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Natalie McCool - The Great Unknown

"There's also an appealing overarching style to The Great Unknown that would put it on the front cover of Vogue, if only the fashion world gave a genuine gubbins about decent musicianship. McCool hasn't built a brand so much as served her impeccable self up on a plate: from her sharp-edged hair to the disco stutter of "When You Love Somebody", she oozes quality control and authentic uniqueness." (Tiffany Daniels)

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Marika Hackman - I'm Not Your Man

"Lyrically, I’m Not Your Man swoops in with a heady charisma that screams of the talking forests and lakes that Hackman's work once revolved around, but it doesn't revel in make believe. Likewise, ideologically the biggest influence on I'm Not Your Man is not, ironically enough, two men in the form of Barrett and Pigott. It's Marika herself. The album has already been heavily publicised as a record about sex and sexuality, and early singles "Cigarette" and "My Lover Cindy" reinforce this. While it's true Hackman has used the space to explore femininity and feminism, her personal experience and honesty seem to be a more poignant theme for this writer." (Tiffany Daniels)

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Laura Marling - Semper Femina

"Whatever her conclusions on the nature of the male gaze, Semper Femina finds the true source of its anxiety right at the death: the love of a sensual world that defines itself by the brevity of its passing. We should do well to include Laura Marling’s exquisite work in this bracket. “We’ve not got long, you know, to bask in the afterglow,” she sings. “Once it’s gone, it’s gone.”" (Matthew Neale)

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And a few we missed first time around...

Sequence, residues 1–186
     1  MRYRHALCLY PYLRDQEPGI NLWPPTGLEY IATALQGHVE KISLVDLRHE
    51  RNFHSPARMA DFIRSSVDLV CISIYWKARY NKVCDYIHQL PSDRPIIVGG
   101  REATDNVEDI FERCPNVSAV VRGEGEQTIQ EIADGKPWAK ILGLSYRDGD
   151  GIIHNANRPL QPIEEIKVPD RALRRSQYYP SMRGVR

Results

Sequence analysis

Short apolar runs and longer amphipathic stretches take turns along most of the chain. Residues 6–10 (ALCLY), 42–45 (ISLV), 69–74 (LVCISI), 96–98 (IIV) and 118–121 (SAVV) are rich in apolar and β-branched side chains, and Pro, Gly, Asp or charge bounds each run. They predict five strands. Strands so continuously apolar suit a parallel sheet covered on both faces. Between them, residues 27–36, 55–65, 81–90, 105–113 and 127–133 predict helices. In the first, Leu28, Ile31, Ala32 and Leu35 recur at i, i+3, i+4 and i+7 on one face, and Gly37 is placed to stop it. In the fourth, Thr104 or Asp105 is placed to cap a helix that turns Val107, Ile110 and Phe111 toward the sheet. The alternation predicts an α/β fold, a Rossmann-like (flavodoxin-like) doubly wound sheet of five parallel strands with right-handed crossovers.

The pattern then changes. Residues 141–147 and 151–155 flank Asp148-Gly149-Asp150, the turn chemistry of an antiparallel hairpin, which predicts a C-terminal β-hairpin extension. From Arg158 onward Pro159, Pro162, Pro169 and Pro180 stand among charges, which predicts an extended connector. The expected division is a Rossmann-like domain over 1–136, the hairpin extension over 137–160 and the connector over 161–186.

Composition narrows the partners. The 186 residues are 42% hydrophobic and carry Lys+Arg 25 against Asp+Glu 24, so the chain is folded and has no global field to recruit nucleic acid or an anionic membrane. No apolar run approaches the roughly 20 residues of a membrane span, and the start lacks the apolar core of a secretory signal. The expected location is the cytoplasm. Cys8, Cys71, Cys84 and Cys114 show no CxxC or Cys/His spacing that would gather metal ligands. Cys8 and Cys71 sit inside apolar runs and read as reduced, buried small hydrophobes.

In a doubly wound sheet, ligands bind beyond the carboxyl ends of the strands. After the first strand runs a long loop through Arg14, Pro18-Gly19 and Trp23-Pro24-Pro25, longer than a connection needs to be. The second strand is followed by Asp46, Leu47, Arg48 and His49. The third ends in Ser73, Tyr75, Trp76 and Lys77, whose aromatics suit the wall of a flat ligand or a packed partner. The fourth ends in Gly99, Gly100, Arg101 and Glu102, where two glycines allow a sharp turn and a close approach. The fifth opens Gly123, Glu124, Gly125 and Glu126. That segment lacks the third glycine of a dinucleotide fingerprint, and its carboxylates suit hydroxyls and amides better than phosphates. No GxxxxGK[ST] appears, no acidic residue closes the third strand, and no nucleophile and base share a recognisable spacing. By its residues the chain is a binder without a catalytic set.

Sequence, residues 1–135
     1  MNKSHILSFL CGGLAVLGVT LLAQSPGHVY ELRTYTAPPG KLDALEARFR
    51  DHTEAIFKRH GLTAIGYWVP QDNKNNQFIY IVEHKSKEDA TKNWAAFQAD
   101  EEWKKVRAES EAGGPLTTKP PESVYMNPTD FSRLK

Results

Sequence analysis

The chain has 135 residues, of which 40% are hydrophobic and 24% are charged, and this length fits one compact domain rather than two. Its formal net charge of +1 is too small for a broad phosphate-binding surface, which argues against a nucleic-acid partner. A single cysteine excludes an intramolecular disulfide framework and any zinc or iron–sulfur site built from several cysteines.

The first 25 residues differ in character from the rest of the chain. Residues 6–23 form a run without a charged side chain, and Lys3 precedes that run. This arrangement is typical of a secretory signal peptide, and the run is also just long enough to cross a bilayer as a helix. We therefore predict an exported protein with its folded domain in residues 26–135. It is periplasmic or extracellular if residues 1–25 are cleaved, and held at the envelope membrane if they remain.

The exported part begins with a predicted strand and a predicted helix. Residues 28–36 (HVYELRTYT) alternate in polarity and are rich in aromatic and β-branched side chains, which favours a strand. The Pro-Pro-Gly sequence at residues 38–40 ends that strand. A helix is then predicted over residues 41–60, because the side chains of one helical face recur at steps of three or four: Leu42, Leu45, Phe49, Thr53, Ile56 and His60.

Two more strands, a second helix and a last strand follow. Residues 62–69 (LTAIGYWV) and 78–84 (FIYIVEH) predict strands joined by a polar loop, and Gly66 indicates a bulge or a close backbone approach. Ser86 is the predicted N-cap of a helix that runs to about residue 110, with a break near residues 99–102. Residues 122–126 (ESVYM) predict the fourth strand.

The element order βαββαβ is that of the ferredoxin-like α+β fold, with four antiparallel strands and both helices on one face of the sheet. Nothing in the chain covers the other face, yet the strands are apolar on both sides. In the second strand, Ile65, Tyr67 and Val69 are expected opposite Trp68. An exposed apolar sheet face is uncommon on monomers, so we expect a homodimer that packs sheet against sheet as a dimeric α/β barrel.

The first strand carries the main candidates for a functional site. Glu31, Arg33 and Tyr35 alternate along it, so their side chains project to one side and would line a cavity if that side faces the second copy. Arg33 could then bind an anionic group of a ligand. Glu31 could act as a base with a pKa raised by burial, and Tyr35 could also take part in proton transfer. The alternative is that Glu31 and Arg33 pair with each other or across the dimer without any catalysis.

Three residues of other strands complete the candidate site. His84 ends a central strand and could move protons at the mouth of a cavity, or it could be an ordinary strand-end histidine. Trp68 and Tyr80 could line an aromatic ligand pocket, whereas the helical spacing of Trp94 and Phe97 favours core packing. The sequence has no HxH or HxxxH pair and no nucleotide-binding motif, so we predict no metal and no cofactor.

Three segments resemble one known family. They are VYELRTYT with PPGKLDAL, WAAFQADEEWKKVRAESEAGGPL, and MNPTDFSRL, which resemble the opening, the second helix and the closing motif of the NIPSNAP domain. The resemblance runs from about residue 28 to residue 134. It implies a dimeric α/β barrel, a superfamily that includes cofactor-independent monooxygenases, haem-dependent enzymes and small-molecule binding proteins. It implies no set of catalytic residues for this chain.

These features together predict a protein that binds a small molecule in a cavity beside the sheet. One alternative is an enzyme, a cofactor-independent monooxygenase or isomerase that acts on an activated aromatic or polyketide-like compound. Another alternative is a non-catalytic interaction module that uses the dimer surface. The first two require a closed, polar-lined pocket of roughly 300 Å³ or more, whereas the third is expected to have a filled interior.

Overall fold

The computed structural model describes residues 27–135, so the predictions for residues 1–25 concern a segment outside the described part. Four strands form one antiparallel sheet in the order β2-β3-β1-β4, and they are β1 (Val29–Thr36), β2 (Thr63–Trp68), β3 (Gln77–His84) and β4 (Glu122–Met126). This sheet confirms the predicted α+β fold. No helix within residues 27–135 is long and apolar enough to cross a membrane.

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Profusion - Where Do I Begin?

Moving through hip hop, jazz, electronic and even drum and bass, you could be forgiven for thinking this was a Mercury Prize-style token leftfield nod. Which would be fine - except that it's also one of the most intensely listenable records of the year, somehow challenging and comforting all at once.

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Siobhan Wilson - There Are No Saints

The Elgin-via-Paris chanteuse is no stranger to genre explorations herself on this LP, including the wonderfully weird "Dystopian Bach". But it's the playful scenes she portrays - falling in love at terrible discos, in particular - that made us swoon this year.

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IDLES - Brutalism

 

The Bristol band's music has often been painted as dark and nihilistic, ignoring the fact that tracks like "Stendhal Syndrome" and "Mother" deal in a wicked sense of humour (we especially appreciate the latter's advice on how to scare Tories). They're guaranteed to be making a reappearance in lists like these in the future - unless the actual Mercury Prize sweeps them away from us, of course. Don't rule it out.

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Who's your winner? Tell us which albums you'd like to have seen in this year's Mercury Prize in the comments